The Hidden Effects of Fluoride–And How You Can Mitigate Them

Dangers of Fluoride

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Fluoride may have been added to the public water supply to protect your teeth–but believe it or not, research shows that increased intake of this compound could be having quite the opposite effect on your overall health.  In fact, a quick review of the research might leave you wondering if there’s any system in your body that isn’t susceptible to fluoride’s negative influence.

Take its effect on thyroid function, for starters.  Both animal and human studies have shown that fluoride can affect levels of thyroid hormones–including trioodothyronine (T3), free T3, thyroxine (T4) and free T4.  Further research has linked long-term fluoride exposure to immune imbalances, including reduced immune cell cooperation–especially among individuals who also have suboptimal thyroid function.

Bones are equally affected by fluoride’s effects, with studies showing that it can affect mineral metabolism and bone density, while contributing to poor cellular health and oxidative stress in osteoblasts (bone-building cells).  Fluoride exposure also may result in suboptimal heart health as research has linked increased fluoride intake to decreased arterial compliance and flexibility affecting cardiovascular health.  Finally, your pancreas, liver and kidneys can also be affected: Animal and human studies indicate that fluoride may affect glucose tolerance and insulin secretion from beta cells, promote free radical generation, and impact liver and kidney structure and functioning.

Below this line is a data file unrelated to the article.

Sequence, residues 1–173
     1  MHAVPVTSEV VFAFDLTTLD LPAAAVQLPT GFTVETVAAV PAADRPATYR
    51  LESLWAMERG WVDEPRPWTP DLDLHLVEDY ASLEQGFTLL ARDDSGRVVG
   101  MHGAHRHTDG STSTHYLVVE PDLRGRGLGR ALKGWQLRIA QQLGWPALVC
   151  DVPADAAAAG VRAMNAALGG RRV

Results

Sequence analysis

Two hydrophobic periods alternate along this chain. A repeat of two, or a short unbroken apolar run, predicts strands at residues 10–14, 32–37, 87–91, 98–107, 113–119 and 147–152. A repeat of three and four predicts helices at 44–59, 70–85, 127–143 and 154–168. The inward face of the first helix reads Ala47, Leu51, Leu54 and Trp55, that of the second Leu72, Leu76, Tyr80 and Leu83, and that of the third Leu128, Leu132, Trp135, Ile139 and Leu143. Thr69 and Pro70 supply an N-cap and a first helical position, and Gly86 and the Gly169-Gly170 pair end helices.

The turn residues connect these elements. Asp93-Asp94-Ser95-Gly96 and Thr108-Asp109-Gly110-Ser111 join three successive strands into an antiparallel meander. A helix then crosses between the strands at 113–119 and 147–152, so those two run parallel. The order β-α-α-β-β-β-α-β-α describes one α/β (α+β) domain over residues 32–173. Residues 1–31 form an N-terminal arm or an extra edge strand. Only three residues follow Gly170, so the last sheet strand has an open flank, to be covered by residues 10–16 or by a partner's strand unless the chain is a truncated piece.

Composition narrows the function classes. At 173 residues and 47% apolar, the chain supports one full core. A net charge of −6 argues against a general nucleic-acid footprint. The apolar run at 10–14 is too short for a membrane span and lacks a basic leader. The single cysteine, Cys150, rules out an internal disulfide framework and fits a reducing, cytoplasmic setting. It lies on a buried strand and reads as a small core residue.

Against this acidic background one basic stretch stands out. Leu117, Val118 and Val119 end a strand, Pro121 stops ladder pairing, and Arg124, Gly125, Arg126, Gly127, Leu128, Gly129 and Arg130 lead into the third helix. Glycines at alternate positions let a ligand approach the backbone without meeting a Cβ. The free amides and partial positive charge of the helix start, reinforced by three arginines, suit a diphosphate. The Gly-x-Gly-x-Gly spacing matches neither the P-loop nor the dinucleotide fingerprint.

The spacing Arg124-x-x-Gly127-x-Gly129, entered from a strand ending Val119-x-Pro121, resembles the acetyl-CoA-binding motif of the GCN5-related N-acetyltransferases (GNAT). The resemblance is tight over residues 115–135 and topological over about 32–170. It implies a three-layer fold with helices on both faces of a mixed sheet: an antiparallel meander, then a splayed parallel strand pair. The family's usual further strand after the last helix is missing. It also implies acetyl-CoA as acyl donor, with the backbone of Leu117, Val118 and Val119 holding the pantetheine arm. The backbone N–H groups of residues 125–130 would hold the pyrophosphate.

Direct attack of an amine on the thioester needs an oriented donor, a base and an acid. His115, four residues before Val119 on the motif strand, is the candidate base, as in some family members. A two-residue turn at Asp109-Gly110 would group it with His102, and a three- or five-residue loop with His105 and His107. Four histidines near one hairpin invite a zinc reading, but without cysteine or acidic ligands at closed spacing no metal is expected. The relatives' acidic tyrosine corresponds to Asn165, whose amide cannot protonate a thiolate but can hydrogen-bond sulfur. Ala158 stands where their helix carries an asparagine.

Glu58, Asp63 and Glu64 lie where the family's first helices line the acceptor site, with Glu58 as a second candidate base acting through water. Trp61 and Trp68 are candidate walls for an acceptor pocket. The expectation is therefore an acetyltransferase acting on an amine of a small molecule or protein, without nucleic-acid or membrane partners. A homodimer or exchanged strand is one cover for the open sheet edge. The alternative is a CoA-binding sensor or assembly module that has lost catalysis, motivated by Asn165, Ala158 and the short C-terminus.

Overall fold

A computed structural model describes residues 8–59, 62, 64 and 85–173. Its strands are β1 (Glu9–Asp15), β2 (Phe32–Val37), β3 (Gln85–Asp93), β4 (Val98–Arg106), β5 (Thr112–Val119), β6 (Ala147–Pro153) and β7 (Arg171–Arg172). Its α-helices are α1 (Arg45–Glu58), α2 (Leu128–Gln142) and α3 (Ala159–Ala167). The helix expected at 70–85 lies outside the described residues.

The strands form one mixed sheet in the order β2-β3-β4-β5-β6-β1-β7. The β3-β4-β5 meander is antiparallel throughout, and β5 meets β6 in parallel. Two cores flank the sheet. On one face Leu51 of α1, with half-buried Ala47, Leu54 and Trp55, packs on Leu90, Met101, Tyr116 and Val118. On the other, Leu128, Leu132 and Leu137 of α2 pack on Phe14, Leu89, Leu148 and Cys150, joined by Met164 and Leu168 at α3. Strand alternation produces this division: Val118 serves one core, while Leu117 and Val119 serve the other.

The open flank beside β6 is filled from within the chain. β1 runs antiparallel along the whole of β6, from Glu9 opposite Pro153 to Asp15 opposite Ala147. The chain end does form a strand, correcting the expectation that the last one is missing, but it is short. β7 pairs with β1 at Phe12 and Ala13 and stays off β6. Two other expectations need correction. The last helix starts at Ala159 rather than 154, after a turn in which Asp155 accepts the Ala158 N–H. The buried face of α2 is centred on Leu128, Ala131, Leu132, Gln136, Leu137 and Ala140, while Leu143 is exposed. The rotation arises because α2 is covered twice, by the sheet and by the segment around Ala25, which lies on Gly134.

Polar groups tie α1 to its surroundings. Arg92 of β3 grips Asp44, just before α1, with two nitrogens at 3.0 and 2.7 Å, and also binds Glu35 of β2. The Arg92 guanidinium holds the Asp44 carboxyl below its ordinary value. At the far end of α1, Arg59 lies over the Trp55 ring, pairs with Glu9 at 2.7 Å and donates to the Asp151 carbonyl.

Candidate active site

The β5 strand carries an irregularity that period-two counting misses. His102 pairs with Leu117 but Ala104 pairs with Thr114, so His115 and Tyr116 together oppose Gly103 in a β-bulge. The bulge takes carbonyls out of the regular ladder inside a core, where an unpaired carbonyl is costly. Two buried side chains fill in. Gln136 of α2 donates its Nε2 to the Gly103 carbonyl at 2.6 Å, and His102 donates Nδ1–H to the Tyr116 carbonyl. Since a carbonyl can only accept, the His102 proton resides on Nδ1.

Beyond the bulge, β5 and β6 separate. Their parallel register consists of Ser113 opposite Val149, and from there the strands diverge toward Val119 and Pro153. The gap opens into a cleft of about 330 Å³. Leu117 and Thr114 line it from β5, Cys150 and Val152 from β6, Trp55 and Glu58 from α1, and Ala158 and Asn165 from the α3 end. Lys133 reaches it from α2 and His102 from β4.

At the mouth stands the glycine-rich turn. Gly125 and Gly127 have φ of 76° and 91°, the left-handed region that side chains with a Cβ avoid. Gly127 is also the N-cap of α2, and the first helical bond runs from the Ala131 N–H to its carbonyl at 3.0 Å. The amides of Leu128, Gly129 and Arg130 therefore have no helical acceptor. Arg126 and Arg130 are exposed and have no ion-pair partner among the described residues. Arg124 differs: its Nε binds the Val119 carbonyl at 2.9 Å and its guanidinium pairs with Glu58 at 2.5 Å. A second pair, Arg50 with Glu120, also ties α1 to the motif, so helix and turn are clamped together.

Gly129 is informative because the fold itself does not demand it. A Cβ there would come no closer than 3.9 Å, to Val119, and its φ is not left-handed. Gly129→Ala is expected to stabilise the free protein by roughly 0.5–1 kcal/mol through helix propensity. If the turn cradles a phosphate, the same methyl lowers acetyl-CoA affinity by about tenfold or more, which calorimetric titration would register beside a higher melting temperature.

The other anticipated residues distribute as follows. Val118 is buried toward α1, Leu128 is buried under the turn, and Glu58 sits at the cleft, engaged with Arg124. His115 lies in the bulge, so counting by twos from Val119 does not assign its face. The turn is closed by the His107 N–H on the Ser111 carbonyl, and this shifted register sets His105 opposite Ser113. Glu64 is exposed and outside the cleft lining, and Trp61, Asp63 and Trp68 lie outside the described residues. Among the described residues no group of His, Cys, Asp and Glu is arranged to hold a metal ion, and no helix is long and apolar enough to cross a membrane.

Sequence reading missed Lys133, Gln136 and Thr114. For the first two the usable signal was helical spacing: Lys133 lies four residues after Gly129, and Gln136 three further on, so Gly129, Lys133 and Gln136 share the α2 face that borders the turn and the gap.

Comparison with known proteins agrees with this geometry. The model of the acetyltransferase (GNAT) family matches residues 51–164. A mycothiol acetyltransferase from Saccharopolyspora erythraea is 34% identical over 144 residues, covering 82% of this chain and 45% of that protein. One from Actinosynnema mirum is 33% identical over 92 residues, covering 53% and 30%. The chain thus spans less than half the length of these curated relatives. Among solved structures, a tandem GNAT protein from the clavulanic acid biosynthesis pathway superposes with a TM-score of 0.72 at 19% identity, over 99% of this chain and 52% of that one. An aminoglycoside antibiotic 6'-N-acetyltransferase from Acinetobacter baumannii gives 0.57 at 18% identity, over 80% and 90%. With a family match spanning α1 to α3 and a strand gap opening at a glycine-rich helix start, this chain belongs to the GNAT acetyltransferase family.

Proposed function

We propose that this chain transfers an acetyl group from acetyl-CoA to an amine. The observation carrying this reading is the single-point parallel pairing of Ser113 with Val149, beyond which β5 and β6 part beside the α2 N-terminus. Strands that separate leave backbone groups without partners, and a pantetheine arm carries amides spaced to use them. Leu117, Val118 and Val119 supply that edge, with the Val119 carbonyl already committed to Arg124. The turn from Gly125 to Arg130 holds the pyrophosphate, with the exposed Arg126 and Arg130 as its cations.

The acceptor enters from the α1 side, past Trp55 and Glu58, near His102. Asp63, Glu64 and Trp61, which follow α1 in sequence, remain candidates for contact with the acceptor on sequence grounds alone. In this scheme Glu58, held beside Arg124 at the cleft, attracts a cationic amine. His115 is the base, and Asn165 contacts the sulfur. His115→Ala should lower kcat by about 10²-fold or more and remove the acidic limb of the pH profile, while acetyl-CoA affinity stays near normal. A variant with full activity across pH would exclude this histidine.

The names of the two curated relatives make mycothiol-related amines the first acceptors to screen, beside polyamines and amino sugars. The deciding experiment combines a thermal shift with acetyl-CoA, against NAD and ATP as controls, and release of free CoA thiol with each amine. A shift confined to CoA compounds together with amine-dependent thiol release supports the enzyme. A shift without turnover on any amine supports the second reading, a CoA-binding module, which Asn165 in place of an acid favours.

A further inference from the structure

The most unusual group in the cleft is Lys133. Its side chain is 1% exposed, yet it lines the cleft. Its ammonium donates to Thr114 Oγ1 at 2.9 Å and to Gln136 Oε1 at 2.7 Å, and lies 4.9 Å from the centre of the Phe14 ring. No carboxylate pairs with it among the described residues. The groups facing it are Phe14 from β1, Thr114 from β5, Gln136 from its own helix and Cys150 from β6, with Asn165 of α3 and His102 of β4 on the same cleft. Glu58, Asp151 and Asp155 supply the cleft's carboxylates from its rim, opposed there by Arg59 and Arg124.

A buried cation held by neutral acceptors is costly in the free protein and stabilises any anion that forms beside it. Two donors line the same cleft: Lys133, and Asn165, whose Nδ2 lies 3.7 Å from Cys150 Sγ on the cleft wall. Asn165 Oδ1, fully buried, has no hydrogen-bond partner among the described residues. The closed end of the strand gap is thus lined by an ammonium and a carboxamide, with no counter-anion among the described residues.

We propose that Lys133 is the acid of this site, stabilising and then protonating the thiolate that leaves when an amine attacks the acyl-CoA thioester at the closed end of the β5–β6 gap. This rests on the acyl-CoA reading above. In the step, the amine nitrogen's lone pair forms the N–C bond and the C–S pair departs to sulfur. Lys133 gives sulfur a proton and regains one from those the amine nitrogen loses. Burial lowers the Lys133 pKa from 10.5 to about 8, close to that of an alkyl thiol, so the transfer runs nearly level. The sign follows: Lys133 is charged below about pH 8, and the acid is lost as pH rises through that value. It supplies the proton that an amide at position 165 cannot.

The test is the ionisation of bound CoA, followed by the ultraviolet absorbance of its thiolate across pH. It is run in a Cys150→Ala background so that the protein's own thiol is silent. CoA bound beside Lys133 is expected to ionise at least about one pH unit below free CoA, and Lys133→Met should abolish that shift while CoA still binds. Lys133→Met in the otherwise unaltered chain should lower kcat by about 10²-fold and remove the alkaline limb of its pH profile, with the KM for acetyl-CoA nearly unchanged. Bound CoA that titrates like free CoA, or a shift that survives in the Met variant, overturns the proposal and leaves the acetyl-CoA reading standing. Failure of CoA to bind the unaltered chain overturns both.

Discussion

Animal research suggests that even fertility could be impacted thanks to fluoride, with exposure resulting in imbalances in sperm count, motility and density– and recent U.S. population studies have noted a similar association between fertility and fluoride levels in humans, as well.

Because fluoride is a member of the halogen family–which includes iodine, chlorine and bromine–it competes with these elements in the physiological function of certain organs, such as iodine-dependent breast and thyroid tissue.  The good news, however, is that taking simple steps to replenish your iodine stores with a high-quality daily supplements–such as VRP’s Iodoral®–may be enough to keep fluoride uptake and its potential negative effects at bay.

Be sure to pair your daily iodine supplement with ample amounts of riboflavin and niacin–both found in VRP’s ATP Cofactors–since both B vitamins play a critical role in iodine’s absorption into your cells, while supporting cellular energy production and encouraging fluoride excretion.

In addition to boosting your iodine stores, you should also optimize your intake of a number of essential and trace minerals, including sodium, chloride, calcium, magnesium, potassium and zinc.  Chloride in particular can be a vital ally in your body’s efforts to deal with excess fluoride–and luckily, getting enough of it could be as easy as eating more salt.  But not just any salt.  Instead, look to VRPs Celtic Sea Salt–an all-natural form of salt, which promotes healthy mineralization of your body and offers support for healthy cellular function.


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